Law + Government

Serve the Public Good

icon of justice scales for careers in law + government

Are you driven to improve your community? You’re not alone.

The numbers don’t lie when it comes to the amount of people who work in areas of Law + Government. Over 22 million people, or 16.7% of the U.S. workforce, work in federal, state, and local governments, over 1.3 million lawyers practice within the United States, and close to 300,000 individuals work as paralegals or legal assistants. 

With so many people working together to build society at its core, opportunities are prime for Gauchos looking to make a difference. Careers in Law + Government share some similarities and a few key differences--learn how you can join the movement of public servants and prepare yourself for a successful future.



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Explore Grad School: Paralegal Services

For complete information on graduate school search strategies and the application process, review our starter tips to Explore Grad School in all careers as well as the specialized tips on this page.

Paralegal Certification

While traditional graduate education is not required to become a paralegal, some employers prefer or require a candidate to have obtained a paralegal certification. Other times, employers are willing to thoroughly train you while working and do not require a certificate for this reason.

Given these considerations, if you are confident that the paralegal profession is within your long-term career goals, a certification can be a worthy investment toward your future competitiveness as an applicant.

Did You Know?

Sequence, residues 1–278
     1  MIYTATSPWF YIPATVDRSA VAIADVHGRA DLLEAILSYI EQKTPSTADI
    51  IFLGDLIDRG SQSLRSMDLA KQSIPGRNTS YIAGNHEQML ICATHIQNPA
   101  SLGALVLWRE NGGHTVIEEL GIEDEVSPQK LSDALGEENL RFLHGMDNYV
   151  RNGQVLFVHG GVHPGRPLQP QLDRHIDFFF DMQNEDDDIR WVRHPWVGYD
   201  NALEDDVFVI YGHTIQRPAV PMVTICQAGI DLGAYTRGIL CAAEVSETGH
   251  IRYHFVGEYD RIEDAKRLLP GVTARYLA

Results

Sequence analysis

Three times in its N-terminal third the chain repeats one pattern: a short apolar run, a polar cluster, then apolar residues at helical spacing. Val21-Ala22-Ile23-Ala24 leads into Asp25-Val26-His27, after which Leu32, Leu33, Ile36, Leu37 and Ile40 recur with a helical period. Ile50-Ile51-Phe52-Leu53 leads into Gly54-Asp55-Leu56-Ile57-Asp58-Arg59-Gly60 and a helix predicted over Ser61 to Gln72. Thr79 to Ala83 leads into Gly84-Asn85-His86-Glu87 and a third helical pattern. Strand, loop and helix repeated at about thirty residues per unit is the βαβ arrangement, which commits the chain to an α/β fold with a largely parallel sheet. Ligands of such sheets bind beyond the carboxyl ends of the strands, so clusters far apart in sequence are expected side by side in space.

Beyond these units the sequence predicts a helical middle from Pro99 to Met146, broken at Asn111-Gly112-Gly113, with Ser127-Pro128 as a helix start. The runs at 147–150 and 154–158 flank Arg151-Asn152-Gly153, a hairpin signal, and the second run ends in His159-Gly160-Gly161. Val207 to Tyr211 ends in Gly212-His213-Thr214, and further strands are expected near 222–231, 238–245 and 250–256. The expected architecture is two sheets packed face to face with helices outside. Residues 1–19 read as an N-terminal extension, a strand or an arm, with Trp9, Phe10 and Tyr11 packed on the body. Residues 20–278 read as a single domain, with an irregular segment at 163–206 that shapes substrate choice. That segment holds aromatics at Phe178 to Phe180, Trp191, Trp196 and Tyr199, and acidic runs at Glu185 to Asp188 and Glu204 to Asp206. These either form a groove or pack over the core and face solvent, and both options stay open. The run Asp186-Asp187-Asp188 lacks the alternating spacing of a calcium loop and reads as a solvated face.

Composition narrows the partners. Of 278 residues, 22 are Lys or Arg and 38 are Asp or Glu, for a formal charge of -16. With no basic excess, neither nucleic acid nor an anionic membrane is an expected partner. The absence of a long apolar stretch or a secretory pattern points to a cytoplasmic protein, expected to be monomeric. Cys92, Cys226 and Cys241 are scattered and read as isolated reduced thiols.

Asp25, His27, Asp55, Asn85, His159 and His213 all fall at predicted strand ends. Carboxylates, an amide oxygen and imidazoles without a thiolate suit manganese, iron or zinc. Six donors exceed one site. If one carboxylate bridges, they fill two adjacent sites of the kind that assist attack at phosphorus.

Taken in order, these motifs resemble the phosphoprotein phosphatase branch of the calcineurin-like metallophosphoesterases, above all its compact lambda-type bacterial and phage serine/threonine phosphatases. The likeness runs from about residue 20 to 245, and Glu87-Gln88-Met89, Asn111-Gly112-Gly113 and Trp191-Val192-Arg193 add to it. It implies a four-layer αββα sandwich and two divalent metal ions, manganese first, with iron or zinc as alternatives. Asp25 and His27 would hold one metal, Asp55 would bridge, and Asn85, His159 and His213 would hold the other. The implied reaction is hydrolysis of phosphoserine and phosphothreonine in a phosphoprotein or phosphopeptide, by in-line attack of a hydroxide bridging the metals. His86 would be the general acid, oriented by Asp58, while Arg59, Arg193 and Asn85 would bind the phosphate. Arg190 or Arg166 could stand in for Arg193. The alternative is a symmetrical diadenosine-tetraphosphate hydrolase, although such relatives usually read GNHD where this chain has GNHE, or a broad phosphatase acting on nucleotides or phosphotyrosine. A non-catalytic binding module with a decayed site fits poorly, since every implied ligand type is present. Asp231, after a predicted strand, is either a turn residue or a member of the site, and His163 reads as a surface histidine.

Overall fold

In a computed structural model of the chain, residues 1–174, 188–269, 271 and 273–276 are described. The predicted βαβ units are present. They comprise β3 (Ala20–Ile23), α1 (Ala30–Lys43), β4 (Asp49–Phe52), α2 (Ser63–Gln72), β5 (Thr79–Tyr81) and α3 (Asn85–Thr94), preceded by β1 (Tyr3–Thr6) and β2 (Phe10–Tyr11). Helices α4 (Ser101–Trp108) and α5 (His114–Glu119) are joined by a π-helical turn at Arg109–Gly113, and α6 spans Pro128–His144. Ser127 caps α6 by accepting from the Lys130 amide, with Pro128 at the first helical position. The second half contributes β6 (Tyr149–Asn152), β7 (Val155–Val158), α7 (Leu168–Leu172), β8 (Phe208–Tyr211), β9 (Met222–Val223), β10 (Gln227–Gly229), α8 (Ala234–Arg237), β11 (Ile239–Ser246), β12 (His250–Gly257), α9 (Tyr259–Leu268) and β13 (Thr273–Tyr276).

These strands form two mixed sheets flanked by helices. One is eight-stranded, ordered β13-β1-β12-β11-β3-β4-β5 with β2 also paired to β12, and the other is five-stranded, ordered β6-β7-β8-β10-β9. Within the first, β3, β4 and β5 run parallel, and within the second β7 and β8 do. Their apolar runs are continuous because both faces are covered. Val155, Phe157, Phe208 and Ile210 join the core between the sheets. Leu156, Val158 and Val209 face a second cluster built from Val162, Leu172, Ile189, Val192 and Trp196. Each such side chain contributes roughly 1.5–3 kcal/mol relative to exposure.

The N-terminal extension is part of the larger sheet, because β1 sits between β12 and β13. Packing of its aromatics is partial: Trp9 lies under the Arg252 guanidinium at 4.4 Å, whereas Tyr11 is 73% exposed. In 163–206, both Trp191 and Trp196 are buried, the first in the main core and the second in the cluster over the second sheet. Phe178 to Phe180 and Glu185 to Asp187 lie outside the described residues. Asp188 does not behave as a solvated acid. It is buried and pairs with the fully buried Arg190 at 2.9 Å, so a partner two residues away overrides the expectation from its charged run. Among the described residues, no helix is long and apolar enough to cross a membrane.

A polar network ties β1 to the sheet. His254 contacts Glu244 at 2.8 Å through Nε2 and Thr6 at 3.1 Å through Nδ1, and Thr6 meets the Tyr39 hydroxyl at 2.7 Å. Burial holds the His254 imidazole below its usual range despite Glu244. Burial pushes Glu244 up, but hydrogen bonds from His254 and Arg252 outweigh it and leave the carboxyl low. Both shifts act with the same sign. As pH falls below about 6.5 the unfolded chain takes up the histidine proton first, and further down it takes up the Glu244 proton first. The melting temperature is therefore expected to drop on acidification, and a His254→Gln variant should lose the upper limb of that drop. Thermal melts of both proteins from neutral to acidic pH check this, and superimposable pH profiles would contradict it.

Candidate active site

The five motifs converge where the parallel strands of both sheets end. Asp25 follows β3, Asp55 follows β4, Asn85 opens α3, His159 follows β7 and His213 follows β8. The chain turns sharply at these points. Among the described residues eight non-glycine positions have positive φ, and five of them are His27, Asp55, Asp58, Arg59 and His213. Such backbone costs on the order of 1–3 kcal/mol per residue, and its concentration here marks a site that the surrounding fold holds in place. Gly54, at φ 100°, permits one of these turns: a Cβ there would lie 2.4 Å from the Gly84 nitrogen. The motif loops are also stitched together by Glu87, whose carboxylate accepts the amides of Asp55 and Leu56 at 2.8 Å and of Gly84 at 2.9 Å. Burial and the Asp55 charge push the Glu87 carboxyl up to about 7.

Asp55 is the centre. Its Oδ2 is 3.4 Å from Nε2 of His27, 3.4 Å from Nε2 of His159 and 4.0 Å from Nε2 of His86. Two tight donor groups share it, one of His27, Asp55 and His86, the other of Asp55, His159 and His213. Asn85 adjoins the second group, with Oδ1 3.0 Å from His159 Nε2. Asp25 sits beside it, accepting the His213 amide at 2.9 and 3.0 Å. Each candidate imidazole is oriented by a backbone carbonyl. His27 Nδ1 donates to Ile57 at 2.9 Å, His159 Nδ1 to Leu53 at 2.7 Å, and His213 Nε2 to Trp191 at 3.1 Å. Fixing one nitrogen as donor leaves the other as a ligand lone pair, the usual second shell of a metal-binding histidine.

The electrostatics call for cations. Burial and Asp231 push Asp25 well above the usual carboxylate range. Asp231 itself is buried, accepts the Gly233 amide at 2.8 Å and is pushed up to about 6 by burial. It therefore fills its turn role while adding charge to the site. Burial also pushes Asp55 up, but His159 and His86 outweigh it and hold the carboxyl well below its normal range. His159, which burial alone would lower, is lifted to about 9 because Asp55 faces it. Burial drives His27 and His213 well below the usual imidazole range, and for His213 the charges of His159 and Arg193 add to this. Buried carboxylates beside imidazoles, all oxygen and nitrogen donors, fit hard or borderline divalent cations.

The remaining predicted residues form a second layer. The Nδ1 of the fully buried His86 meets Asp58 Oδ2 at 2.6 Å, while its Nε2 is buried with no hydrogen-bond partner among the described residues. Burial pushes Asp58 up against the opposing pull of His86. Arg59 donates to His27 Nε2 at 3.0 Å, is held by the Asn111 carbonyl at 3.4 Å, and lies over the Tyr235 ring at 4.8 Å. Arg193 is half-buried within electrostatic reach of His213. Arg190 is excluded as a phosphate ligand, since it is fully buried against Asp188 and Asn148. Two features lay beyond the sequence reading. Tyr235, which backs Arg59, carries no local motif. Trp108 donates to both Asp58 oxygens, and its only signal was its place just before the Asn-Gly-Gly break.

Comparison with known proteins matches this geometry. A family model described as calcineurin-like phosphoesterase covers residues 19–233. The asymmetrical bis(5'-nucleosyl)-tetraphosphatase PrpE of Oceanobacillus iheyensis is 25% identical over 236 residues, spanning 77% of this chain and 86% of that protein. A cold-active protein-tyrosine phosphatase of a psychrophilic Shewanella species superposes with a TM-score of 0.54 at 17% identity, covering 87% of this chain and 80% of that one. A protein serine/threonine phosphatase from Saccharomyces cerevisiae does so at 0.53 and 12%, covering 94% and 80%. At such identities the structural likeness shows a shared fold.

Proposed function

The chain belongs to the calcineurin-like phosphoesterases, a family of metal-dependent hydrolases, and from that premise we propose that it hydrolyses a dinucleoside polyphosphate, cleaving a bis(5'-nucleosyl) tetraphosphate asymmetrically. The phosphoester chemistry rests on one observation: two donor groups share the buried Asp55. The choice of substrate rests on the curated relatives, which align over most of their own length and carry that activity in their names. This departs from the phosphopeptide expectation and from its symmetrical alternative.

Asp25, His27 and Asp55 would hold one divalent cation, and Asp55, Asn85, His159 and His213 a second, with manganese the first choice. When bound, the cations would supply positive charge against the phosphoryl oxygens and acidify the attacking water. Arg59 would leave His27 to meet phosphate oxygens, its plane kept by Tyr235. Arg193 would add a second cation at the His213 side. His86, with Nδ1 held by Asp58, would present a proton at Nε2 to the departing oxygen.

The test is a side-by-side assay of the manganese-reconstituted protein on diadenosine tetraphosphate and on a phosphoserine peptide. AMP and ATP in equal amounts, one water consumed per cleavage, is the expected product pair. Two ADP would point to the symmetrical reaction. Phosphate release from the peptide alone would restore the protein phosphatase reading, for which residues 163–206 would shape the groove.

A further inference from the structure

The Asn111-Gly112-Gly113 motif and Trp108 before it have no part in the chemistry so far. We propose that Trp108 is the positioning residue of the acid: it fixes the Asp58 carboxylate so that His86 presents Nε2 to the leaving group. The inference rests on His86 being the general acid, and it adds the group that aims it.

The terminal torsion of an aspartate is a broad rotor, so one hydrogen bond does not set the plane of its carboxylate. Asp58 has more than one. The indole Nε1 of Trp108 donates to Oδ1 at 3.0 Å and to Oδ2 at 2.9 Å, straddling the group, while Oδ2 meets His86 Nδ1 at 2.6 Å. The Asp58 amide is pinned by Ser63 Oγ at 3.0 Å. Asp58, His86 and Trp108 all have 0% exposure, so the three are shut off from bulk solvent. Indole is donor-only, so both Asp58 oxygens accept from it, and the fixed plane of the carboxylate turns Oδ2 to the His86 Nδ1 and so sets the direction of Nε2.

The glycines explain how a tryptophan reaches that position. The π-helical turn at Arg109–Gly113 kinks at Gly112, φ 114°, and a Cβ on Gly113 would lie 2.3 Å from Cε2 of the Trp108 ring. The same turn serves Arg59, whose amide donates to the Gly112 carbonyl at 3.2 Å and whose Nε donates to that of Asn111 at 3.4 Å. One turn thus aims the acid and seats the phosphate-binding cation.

A significant majority of paralegals have some type of formal education within the profession.

According to the National Federation of Paralegal Associations (NFPA), 85% of paralegals obtain a degree or certificate related to paralegal services.


Paralegal certifications are often available through community colleges or university extension programs. For example, UCSB Professional and Continuing Education offers a Paralegal Studies certificate that you can begin exploring, as do extension programs at other UC campuses.

Because most professional programs are strictly certificate-based, financial aid is usually not available for this type of schooling, or it is available with strict limitations. It is best to speak with each program regarding funding or other questions you may have.


Law School

If you are interested in paralegal work, you may have also considered law school or a future career as a lawyer. It is important to note that working as a paralegal does not increase your chances of getting into law school.

While this may be surprising to learn at first, the process of going to law school is part of a highly specialized career path for becoming a lawyer, which involves unique criteria that law schools use to evaluate candidates for their degreed programs. Prior career experience in paralegal services is not incorporated into this criteria, so it is best to consider this as an entirely separate career path. 


Learn More

For complete information about law school and becoming a lawyer, we recommend that you visit our Legal Practice page.

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